Showing posts with label Open Source. Show all posts
Showing posts with label Open Source. Show all posts

Tuesday, August 01, 2023

Haxophone - A Hackable Electronic Saxophone with Mechanical Keys

Javier Cardona, the maker of Haxophone wrote in to let us know about his upcoming instrument. Here's what he had to say followed by details from the upcoming crowdfunding campaign.

"I'm excited to connect with you as the creator of the Haxophone, an open and hackable electronic saxophone. The instrument's design files and software have been available to the public on GitHub for some time now at

We are gearing up to launch a crowdfunding campaign for pre-assembled Haxophone units, bringing the magic of this instrument to a broader audience. The campaign is scheduled to kick off on September 7th.

via Crowd Supply

Haxophone is an inexpensive and fully customizable electronic musical instrument that resembles a travel saxophone. Under the hood, Haxophone is a particularly elegant (and fun!) Raspberry Pi HAT. The mechanical keys and custom ergonomics give Haxophone a unique and satisfying feel. The design is fully open source, hackable and OSHWA (Open Source Hardware Association) certified. This means that you can make Haxophone entirely your own, from changing the type of key switches to making your own note and instrument mappings. It is a good fit for musicians who are looking for a way to practice saxophone silently, musicians who are also hackers, and for hackers looking for a fun musical project that won’t break the bank.

While it is not a substitute for a traditional saxophone, Haxophone is accurate enough to allow saxophone players to rehearse both in silence and "on the go". Muscle memory when practicing on Haxophone is transferable to the traditional instrument, and vice versa. This means you can rehearse in all kinds of places that would be unthinkable with a standard saxophone. If it breaks, it is relatively cheap and easy to repair. And, Haxophone is smaller and lighter than any saxophone.

Haxophone has been designed to utilize standard mechanical key switches as fingering keys. In addition of being cool and unique, these are cheaper, more reliable and more repairable than the custom molded keys that you find on digital saxophones. Hackable Haxophone
Haxophone is purposefully designed to be hackable. Inspect it, modify the fingerings, change the sounds, add features like beats or LEDs. The software is written in Rust, a modern language that has been the most loved code language for the last 7 years (according to Stack Overflow).

Haxophone is designed as a HAT (Hardware Attached on Top) for the Raspberry Pi family of single-board computers. This HAT is a special type of keyboard laid out in the same way that saxophones are. We’ve also designed a mouthpiece and a pressure sensor to detect breath intensity. The HAT includes an audio amplifier, so Haxophone does not need to rely on the amplifier built into the Raspberry Pi 3 and 4. This means the HAT will work with the least expensive of the Pi family, the Raspberry Pi Zero.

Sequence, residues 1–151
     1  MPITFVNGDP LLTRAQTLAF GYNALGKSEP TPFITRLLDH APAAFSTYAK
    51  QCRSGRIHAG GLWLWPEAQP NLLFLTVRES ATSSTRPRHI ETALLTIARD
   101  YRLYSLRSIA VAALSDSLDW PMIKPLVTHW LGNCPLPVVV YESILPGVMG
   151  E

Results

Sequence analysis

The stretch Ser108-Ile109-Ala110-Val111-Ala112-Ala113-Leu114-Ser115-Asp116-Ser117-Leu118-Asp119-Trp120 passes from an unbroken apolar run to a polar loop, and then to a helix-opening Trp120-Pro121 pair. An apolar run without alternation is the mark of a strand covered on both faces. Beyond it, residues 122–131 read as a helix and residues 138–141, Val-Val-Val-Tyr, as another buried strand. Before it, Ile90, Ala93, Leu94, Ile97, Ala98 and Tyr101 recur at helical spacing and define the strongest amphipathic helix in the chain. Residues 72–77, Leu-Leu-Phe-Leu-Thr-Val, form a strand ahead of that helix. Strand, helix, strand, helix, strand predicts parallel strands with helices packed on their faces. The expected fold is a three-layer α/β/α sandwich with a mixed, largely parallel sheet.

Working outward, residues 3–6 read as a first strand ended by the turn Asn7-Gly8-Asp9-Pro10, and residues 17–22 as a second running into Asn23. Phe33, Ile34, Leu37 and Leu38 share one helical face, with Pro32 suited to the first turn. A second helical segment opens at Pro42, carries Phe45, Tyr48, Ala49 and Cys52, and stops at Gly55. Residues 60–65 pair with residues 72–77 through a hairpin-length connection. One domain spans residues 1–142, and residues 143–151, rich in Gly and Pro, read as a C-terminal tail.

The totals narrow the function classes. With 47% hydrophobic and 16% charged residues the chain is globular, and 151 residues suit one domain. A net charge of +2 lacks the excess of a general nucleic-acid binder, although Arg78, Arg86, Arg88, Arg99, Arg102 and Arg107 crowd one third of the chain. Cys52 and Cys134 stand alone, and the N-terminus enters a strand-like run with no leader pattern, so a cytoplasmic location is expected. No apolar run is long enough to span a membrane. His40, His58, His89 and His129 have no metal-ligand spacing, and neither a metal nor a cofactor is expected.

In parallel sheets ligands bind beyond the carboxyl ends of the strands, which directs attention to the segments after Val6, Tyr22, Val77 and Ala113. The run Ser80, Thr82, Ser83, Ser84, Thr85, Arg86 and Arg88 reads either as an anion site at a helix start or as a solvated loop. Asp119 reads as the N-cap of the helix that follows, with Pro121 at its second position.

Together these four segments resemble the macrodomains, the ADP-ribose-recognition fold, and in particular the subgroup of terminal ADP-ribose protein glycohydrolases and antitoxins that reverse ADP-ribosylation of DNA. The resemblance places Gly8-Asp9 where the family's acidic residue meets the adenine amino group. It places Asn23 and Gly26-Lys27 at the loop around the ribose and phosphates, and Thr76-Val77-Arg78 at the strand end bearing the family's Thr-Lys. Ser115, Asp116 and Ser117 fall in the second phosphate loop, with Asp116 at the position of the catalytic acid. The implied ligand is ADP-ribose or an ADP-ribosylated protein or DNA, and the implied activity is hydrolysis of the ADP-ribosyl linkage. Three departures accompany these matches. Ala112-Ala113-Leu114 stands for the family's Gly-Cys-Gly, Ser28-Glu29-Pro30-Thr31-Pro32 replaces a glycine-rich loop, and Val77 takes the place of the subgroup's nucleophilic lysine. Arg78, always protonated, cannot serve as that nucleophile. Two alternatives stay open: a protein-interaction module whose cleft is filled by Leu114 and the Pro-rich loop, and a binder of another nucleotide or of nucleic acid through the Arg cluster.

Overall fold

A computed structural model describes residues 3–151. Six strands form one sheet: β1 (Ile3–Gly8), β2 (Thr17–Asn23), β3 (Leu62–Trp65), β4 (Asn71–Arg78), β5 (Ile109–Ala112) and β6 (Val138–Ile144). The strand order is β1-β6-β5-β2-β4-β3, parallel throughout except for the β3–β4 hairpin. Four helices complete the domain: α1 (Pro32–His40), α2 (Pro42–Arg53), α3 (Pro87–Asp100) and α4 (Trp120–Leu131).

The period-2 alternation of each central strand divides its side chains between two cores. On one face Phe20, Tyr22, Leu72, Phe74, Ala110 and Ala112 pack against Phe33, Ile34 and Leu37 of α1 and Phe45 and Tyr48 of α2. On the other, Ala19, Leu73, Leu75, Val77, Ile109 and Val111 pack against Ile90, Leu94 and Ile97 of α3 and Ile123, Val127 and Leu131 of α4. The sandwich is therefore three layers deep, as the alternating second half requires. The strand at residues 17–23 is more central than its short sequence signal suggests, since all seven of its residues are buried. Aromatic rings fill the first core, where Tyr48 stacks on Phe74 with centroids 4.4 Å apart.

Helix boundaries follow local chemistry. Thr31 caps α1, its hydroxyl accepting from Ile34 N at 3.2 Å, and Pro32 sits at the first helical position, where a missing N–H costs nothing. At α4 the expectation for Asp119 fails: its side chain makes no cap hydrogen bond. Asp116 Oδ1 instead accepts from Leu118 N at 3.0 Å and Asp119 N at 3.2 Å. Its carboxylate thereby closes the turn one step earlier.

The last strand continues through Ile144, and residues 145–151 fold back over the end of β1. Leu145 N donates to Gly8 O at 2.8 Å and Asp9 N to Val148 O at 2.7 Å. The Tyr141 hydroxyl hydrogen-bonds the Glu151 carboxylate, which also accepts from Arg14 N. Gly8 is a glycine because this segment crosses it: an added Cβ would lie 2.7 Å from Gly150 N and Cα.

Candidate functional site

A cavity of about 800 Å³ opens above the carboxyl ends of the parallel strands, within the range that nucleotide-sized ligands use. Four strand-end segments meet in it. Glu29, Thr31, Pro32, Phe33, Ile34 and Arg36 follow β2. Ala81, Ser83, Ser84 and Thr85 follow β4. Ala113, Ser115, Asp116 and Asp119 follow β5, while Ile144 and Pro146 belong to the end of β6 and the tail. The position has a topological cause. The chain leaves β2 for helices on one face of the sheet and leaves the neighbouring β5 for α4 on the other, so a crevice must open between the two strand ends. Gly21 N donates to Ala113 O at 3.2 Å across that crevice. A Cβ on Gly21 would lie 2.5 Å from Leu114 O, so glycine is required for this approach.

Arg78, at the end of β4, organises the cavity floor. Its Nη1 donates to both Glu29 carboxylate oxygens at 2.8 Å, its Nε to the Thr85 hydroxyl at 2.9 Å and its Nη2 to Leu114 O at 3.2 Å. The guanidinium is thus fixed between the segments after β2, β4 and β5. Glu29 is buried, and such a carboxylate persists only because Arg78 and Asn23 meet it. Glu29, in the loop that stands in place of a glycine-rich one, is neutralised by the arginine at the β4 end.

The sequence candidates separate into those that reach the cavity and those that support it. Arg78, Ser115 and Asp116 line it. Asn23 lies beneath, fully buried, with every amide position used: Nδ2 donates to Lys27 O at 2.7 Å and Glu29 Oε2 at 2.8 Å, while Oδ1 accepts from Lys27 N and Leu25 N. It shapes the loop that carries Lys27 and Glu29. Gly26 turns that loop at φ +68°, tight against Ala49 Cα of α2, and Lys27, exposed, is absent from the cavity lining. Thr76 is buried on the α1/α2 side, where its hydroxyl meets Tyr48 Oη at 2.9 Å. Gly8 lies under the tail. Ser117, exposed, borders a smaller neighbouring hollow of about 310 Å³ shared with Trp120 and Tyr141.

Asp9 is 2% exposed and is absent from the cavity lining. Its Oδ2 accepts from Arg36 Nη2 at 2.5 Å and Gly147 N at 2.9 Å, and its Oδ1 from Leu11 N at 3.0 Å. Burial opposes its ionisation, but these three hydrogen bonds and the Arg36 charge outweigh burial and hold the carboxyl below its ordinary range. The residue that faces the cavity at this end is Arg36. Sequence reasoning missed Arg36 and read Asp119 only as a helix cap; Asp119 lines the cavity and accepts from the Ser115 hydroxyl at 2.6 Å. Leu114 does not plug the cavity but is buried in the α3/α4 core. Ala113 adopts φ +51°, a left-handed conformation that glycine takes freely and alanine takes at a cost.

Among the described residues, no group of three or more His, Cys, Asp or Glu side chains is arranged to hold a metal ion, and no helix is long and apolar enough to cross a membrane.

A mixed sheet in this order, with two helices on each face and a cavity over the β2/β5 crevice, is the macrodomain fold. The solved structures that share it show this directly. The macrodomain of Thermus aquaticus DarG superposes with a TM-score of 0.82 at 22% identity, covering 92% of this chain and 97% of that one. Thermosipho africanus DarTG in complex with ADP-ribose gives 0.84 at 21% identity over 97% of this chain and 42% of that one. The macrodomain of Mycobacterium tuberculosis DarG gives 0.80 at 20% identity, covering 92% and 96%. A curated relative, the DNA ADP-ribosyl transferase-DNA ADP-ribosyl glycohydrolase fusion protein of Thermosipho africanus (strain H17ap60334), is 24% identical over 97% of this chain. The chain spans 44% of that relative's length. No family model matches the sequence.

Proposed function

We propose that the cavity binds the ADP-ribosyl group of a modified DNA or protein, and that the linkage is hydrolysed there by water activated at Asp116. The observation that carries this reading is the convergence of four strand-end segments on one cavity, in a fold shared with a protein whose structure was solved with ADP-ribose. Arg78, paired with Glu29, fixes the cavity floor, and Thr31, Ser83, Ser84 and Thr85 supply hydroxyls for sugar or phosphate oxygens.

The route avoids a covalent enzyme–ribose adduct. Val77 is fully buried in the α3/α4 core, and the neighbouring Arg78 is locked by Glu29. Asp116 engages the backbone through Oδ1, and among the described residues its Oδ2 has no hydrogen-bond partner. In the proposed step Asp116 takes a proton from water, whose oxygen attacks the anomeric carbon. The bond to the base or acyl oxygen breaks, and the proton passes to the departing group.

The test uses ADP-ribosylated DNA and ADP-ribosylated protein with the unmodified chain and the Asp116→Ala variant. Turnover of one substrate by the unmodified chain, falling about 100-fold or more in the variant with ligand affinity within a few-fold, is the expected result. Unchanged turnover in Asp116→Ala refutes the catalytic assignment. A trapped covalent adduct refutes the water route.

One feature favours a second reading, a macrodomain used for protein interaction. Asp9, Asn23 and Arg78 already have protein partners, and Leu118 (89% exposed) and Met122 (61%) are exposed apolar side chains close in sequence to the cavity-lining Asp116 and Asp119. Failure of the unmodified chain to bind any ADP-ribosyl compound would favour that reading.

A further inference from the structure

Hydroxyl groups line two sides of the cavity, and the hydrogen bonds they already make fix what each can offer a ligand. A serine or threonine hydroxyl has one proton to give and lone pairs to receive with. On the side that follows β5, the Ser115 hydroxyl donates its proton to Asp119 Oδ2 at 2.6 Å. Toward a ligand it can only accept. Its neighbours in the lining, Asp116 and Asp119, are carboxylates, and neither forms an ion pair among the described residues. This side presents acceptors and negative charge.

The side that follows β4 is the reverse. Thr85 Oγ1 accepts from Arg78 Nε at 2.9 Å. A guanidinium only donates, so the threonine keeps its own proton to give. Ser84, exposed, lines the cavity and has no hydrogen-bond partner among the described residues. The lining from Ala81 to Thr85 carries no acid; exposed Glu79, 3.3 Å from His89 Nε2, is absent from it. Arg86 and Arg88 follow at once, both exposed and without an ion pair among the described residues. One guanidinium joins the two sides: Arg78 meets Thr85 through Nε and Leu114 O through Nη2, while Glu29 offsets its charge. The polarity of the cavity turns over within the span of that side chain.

Haxophone is fully repairable and customizable. Did you break the thumb rest or would like to use a different color? (3D) print yourself another one. The source models for all 3D printed parts are included in our repository."

You can find additional details at

Friday, July 31, 2020

Open Amiga Sampler - NEW Amiga hardware announcement!


"Introducing the Open Amiga Sampler - an affordable, open-source, 8-bit/mono, parallel port sampler for the Commodore Amiga featuring stereo mixdown and an input preamp with physical gain control.

Schematics, documentation, parts list and custom PCB files are available at:

By mnstrmnch and syphus/Up Rough

Music: syphus/Up Rough"

This one is in via @deejayiwan

via github

"What are Amiga samplers?

Over the course of the Commodore Amiga's active lifespan, a great many samplers (also known variously as sampler carts/cartridges, sound cards, audio digitisers, audio interfaces, etc) were manufactured to exploit audio capabilities that were unmatched by any other home computer of its time. In 1989 an Amiga 500 with a cheap 8bit parallel-port sampler gave you the means to produce professional sounding music in your bedroom for a few hundred pounds - about the same as it cost to hire a recording studio for a few days. Acid house and techno were exploding; hardcore, jungle and drum'n'bass were just around the corner. Even if your sample-based Amiga music wasn't quite professional sounding by the standards of audiophiles and hi-fi enthusiasts and the old-fashioned music industry, it was probably good enough for underground clubs and illegal raves! Countless dance, bass and electronic music superstars got their start with an Amiga and a cheap sampler.